7 Ways to add some forest science activities to your camping vacation
Whether your idea of camping is in a tent, an RV, or in a hotel - these seven forest science ideas will add a bit of learning to your summer camping trip!
Last month, I shared with you all 7 ideas for adding science to your beach vacation, and now I want to help out those of you head into the woods for your vacation.
These seven ideas will help you to learn about science as you enjoying your camping trip.
7 Ways to add some Forest Science Activities to your Camping Vacation
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To do all of these activities, you will need a backpack, a magnifying glass, a pencil, and a notebook!
#1 - Look under rocks.
Out in the woods, invertebrates tend to collect under rocks. The moisture level is generally higher and it’s quite a bit safer under a rock!
Find a rock that looks like it has been undisturbed for a while. Look around in the nearby bushes and tap on the rock once to make sure there are no snakes nearby. Then, flip it over to see what you find.
Hopefully, you’ll find a mess of worms, beetles, slugs, and more to observe! Use the magnifying glass to see the creatures up close and look for any eggs that they might have laid. Then, take a moment to draw what you see in a notebook.
#2 - Start a rock collection
Speaking of rocks, your camping vacation is a perfect time to start a rock collection! As you explore the surroundings, look for new-to-you or interesting rocks to collect.
Then, once you are back at your campsite, look them up on geology.com and try to identify what rocks you have found. If you want to take it a step further, number each rock and then write a sentence or two about them in your notebook.
#3 - Take a hike.
The forest is a perfect place to take a long walk during the summer. The shade from the trees will keep the temperature down, which is always a plus.
As you walk along, look for animal evidence, such as tracks or scat. And be sure to spend some time trying to identify trees and wildflowers that you know. You can also take pictures or leaf rubbings of the ones you don’t know so that you can identify them later.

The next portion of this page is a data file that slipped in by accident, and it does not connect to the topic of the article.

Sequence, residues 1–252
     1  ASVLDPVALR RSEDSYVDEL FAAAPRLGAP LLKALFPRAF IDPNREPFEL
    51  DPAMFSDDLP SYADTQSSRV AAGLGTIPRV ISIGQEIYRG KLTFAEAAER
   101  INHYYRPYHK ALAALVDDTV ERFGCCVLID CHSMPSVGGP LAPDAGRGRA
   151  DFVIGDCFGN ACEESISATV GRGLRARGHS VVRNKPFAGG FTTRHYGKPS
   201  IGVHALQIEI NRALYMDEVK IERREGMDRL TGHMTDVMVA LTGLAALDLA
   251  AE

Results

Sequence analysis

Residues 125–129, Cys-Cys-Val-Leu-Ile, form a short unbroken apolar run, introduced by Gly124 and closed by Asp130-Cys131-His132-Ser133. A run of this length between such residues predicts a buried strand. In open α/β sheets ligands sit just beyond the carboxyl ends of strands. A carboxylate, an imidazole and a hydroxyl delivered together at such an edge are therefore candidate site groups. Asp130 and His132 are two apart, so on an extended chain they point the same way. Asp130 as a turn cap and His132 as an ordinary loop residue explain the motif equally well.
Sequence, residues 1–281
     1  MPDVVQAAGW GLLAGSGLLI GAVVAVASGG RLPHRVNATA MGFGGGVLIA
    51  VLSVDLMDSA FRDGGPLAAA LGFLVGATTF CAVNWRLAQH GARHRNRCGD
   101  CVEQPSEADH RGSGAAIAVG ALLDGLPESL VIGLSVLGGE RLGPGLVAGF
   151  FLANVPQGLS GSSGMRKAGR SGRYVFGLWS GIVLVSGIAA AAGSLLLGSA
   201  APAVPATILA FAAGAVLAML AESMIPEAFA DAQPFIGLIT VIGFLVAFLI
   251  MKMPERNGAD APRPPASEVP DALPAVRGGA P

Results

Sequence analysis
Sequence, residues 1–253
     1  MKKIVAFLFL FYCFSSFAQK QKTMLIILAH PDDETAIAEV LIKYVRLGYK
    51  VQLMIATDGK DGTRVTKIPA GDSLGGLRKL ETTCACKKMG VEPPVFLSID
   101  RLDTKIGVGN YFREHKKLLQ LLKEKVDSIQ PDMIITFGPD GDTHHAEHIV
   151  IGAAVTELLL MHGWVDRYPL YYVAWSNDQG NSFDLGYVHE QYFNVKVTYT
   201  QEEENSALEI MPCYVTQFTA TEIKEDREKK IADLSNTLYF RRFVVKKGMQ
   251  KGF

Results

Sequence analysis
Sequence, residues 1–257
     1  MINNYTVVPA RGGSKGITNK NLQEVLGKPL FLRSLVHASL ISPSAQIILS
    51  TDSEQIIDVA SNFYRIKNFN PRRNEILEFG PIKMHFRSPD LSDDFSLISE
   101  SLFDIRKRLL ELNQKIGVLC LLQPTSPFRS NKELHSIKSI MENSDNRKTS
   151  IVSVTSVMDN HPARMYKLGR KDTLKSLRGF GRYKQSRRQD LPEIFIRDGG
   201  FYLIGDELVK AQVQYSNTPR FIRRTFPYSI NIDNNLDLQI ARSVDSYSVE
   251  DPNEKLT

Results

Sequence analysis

#4 - Observe moss.
As you walk through the forest, be on the lookout for clumps of moss. Moss typically grows in shady, damp areas.
Observe the moss with your magnifying glass and then use a stick or flat rock to dig up a small chunk. Gently wipe away the dirt and observe the rhizoids that anchor the moss to the ground. Then, place the chunk back where you found it and gently press to reattach the simple plant.
While you are in the woods, you can draw a sketch of the moss in your notebook. Then, you can label the parts as you sit around the campfire later that night.
#5 - Find a decomposer.
As plants and animals die in the forest, decomposers take care of their remains. To find these decomposers, you can look under a fallen log or dig a bit in an old pile of leaves.
You might find termites and worms, both of which break down dead plants into organic material new plants can use for food. If you find a decomposer, observe the creatures behave and make notes in your notebook.
#6 - Sit and listen.
Sometimes we just need to slow down and listen to what is really going on around us.
As you are out at your campsite, take 10 or 15 minutes to sit on a rock. Don’t say a single word, just listen to the sounds of the forest.
You’ll be amazed at how many birds and squirrels you are able to observe, just by listening to them first!
#7 - Examine tree bark.
Tree bark is absolutely fascinating stuff! It acts like skin for a tree, complete with pores called lenticels. Each species of tree has its own unique bark pattern, so you can definitely use it to identify the trees.
Find a tree nearby and then use your magnifying glass to take a closer look at the bark. You can use your pencil to take a rubbing of the tree bark on a sheet in your notebook. Be sure to write down the type of tree it is on the page, so you’ll know what to look for the next time!
Wrapping it Up
I hope you will have a fantastic time around the campfire this summer, recalling stories of your hikes as you roast marshmallows!
- Paige Hudson